Safend Protector works by locking down a company"s endpoints, monitoring every kind of vector where data can leave the enterprise, including thumb drives as well as e-mail. Safend applies rules to different endpoints, verifying an employee"s permission to download certain information to a USB device, and encrypting it before it"s taken.
When laptops, USB drives and iPods leave the workplace, are they filled with corporate data ? If so, were those users authorized to siphon data from the network? And if those devices are lost or stolen, will sensitive data be open to view?
Safend has issued Safend Protector v3.3 to help businesses eliminate these concerns. This version provides a number of additions and enhancements over previous versions, according to Safend, a provider of endpoint security solutions.
New features include file shadowing, which allows administrators to be alerted to breaches by tracking and collecting copies that come in from or go out to storage devices; and enhancements to external encryption, so administrators can mandate encryption to external devices.
Terrence Brewton, a research analyst with Frost & Sullivan, is conducting a market study on data-leakage protection (DLP) products. He told us that there are more than 20 data-leakage prevention solutions on the market that compete with Safend, but said Safend has an advantage over many of these.
"The biggest thing is that they"re locking down endpoints. A lot of DLP products monitor data leaving the gateway, such as via e-mail. Safend is addressing every kind of vector where data can leave the enterprise, including thumb drives as well as e-mail," he said.
Safend works by applying rules to different endpoints, Brewton said. "If somebody plugs in their USB device to download information, Safend is going to take a look at that information and that person, and verify whether they can or can"t download it to a USB drive," he explained. If they do have permission, the data will be encrypted and the user given a password to decrypt the data.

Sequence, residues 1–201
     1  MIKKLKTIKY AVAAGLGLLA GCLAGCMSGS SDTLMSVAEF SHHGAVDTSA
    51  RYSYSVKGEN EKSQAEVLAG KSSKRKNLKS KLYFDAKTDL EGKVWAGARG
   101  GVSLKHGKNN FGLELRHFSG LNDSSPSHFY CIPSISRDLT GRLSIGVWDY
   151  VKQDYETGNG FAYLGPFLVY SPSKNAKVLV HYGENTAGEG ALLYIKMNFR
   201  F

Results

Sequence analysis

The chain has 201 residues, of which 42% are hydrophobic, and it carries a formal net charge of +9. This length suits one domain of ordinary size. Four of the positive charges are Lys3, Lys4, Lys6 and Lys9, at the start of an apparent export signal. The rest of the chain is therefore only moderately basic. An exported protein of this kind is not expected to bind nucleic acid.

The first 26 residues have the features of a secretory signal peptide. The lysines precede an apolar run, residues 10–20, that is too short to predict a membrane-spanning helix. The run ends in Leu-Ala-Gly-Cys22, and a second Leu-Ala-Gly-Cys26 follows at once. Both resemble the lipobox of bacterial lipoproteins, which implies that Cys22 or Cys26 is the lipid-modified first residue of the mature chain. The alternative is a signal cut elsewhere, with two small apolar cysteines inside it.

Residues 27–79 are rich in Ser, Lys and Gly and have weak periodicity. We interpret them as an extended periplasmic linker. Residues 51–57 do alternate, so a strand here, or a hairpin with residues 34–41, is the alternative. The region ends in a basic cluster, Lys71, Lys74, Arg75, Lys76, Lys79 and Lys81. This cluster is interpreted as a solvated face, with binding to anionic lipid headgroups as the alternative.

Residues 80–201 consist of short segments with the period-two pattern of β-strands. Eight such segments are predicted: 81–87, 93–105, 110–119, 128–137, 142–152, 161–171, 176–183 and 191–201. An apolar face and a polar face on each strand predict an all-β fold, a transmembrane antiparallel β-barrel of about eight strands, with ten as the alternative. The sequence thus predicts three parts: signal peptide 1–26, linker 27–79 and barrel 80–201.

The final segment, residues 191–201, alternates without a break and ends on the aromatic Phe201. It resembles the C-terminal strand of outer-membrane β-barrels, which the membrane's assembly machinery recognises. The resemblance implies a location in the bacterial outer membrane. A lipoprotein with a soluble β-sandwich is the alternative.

"That"s going to avoid the kind of problem we had with the guy from the Department of Veterans affairs who had his laptop stolen," Brewton said. "He had permission to take info home on a laptop, but it was not encrypted." When the laptop went missing, many veterans -- including Brewton -- were notified about the breach and offered free credit-protection services.
Brewton said it wasn"t much of a hassle for him, but it is a big deal for organizations, since he estimates that it costs them $50 per record stolen.
Protector can restrict devices by type (including any type of connector, as well as wireless interfaces), and can even be as granular as restricting or allowing a specific device serial number from downloading data. It can block programs from running automatically (such as U3-enabled USB drives) and prevent keystroke-loggers from running.
Once deployed on a network, Safend Protector looks for the types of data that are typically sensitive and could cause problems if lost or stolen, such as credit card and Social Security numbers. Brewton said the solution has built-in rules that notify an administrator if those items are being taken outside the network, and ask if that"s allowed. The administrator can then build custom rules for users as well as data types.
Pricing for Safend Protector scales from $13-$32 per seat, depending on the size of the enterprise, with $14 being the average, according to the company.